For two hundred years, rumors have swirled that hidden treasure lies buried on Oak Island, a 140-acre plot of land off the coast of Nova Scotia. Over the centuries, thousands of people have devoted ridiculous amounts of time and money to finding it. Their adventures are a litany of awesomely catastrophic failures as they chased after tall tales of hidden gold, crown jewels, and even the Ark of the Covenant. But why did these treasure hunters focus on this unassuming little island in the Maritimes? Let's find out.
The top image is from Raiders of the Lost Ark, one of the more popular recent depictions of the Ark of the Covenant.
Discovering the Pit
Stories circulating around Oak Island told of fortunes and treasure hidden underneath the ground, due to Nova Scotia's connection to pirate activities in the 17th Century. In 1795, a local boy, Daniel McInnis, found a circular depression in the ground roughly ten feet in diameter. Daniel recruited two of his friends, to help explore the area in hopes of finding pirate treasure.
The three boys began digging, then hit a layer of stone, and then a layer of wooden planks ten feet further down. The three stopped at thirty feet, convinced no one would bury something in such a manner unless it is extremely valuable. A few years later, the trio obtained the help and funding of Simeon Lynds to further investigate the pit. As they dug deeper, they passed more wooden planks, and layers of putty, coconut husks, and charcoal.
A Mysterious Tablet
In the process of digging with Simeon Lynds and the Onslow Company, at 80 to 90 feet deep the workers found a stone tablet inscribed with a substitution cipher. Once decoded, the tablet reads, "(F)orty feet below 2 million pounds are buried." The tablet divides the Oak Island community, with many believing it a ruse conjured up to obtain additional funding. The location of the tablet is currently unknown.
Shortly after finding the tablet, the diggers struck a solid block. Believing it to be a treasure chest and a sign of success only feet away, the workers stopped for the day. Unfortunately, when the crew returned the next morning, they found sixty feet of water in the pit. Initially, the workers thought the flood to be a consequence of an elaborate system of booby traps. The Onslow company tried unsuccessfully to remove the water as the diggers soon hit a flood tunnel connected to the sea. The Onslow Company quit digging at the site soon thereafter.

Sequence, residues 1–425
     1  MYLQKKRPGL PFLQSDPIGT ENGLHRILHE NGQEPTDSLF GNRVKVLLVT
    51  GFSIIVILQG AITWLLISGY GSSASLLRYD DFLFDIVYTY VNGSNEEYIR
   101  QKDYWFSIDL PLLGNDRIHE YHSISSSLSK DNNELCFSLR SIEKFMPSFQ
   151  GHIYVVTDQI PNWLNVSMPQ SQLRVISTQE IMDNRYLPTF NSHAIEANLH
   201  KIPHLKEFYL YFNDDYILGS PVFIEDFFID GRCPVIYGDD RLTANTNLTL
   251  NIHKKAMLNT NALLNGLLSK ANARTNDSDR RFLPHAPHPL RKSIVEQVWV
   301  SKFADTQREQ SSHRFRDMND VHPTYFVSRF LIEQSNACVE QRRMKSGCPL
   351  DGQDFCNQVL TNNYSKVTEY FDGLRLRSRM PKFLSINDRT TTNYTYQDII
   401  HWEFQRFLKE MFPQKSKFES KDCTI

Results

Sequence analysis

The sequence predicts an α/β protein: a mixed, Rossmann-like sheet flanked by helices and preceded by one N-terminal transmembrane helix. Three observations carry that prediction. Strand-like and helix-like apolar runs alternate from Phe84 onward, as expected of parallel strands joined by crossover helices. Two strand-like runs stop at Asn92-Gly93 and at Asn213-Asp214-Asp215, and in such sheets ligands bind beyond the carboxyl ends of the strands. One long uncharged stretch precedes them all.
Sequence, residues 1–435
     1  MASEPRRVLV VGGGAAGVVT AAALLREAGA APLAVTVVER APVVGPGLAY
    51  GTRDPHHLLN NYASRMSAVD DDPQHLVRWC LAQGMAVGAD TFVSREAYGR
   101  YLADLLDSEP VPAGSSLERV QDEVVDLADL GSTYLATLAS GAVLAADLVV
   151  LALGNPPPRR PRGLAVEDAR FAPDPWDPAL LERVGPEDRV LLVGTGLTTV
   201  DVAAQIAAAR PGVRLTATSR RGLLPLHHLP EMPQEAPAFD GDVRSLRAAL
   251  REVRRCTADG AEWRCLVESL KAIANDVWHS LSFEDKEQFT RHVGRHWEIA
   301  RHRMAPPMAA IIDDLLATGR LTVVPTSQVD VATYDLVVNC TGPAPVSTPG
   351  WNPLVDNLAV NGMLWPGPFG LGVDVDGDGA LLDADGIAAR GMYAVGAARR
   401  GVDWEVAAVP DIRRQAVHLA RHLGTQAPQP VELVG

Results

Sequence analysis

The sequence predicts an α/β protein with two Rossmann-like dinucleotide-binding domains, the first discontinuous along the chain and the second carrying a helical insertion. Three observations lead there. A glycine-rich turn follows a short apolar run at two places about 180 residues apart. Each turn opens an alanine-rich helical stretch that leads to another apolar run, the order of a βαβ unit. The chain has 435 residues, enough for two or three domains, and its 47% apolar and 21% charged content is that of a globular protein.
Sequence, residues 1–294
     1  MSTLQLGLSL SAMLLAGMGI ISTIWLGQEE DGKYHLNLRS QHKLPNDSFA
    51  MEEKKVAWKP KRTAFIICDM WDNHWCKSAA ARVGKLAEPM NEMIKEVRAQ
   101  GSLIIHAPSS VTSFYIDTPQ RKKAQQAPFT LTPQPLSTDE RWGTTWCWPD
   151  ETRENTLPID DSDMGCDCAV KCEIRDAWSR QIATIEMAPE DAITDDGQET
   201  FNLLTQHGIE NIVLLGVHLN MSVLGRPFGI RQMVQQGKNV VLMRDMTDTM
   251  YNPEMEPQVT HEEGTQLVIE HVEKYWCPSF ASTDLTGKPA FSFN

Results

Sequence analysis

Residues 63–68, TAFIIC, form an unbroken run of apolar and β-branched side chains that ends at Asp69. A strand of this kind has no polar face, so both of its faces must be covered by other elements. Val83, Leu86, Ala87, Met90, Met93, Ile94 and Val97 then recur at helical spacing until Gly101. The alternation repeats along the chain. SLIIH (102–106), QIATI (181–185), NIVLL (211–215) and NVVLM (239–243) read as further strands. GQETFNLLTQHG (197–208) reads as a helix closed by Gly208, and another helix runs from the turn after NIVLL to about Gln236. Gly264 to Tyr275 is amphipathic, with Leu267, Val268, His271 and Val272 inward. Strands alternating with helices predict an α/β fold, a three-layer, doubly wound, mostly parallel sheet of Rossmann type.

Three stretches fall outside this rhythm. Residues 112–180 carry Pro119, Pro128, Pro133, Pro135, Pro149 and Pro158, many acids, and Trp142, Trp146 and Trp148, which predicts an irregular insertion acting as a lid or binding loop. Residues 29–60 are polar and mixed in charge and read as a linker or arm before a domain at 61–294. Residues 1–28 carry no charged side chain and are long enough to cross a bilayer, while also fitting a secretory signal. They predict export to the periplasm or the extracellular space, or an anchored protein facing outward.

In 1849, the Truro Company attempted to excavated the site using an auger, a drill bit with a helical screw blade that brings excavated material to the top as it continues to dig deeper. With the auger, the Truro Company bypassed the water, finding 3 links of gold chain for their work. A group working on the site after Truro abandoned its efforts found a couple of pieces of porcelain dishware and a piece of parchment the size of a dime.
Excavation of the money pit continued through the 1800s, bouncing from company to company, with little success due to continued flooding. The Oak Island Money Pit collapsed in on itself in the 1860s.
Excavations of the area continued throughout the 20th Century, with John Wayne and Franklin Roosevelt involved in investment plans to find the treasure. Most efforts concentrated on digging in areas away from the money pit, as the ground became too unstable to work with. Six individuals died in over 200 plus years of digging.
Oak Island is now a popular tourist site, with some still looking for the island's secret treasure. Anyone with a license from the Nova Scotia Minister of Natural Resources is allowed to dig for treasure on the island, so if you and some friends are looking for a unique Spring Break trip, head to Nova Scotia.
Hiding Place for the Knights Templar?
A series of stone boulders creating a large cross on Oak Island, sparks an association of the Oak Island Pit with the Knights Templar, leading to theories suggesting the intricate pit is a hiding place for the Holy Grail or Ark of the Covenant. The six ten-ton stones are situated around the island, and when connected on a map, create a nine hundred foot cross. No other data links the Templars to the island.
Some also propose the Oak Island Money Pit contains ammo and payroll intended for soldiers fighting and the Revolutionary War, the crown jewels of Marie Antoinette, or concrete proof of Sir Francis Bacon's authorship of plays attributed to William Shakespeare.
Another Translation of the Tablet
An alternate translation of the tablet cipher makes it appear that the treasure is not 130 feet below the surface, but on nearby Birch Island. Keith Ranville's interpretation of the code is based on various engineering patterns. The first symbol points to Birch Island, and the rest of the symbols dictates a series of tunnels and shafts leading to the treasure. Ranville also proposes a Mayan connection to the Oak Island Pit.
Just a Sinkhole?
While the items in the Oak Island Money Pit appear to be placed in some sort of organized manner, the effort and time necessary to dig a pit as well as additional "flood tunnels" to the sea makes a designed pit appear unlikely. The sinkhole argument is much easier to stomach, especially with the litany of sinkholes and underground tunnels found on the island.
The lack of concrete evidence of treasure, along with numerous theories as to what is actually contained in the pit muddies the water. Three links of gold chain, some porcelain dishware, and a piece of parchment are the sum of items extracted from the pit. In 200 years of excavation , one expects more artifacts to be discovered or found by accident if a treasure truly lies at the bottom.
Additionally, the absence of the original cipher tablet is puzzling. Without the tablet, the story and lore behind the Oak Island Money Pit becomes a tale of three young boys searching for treasure, and gullible investors willing to follow their lead.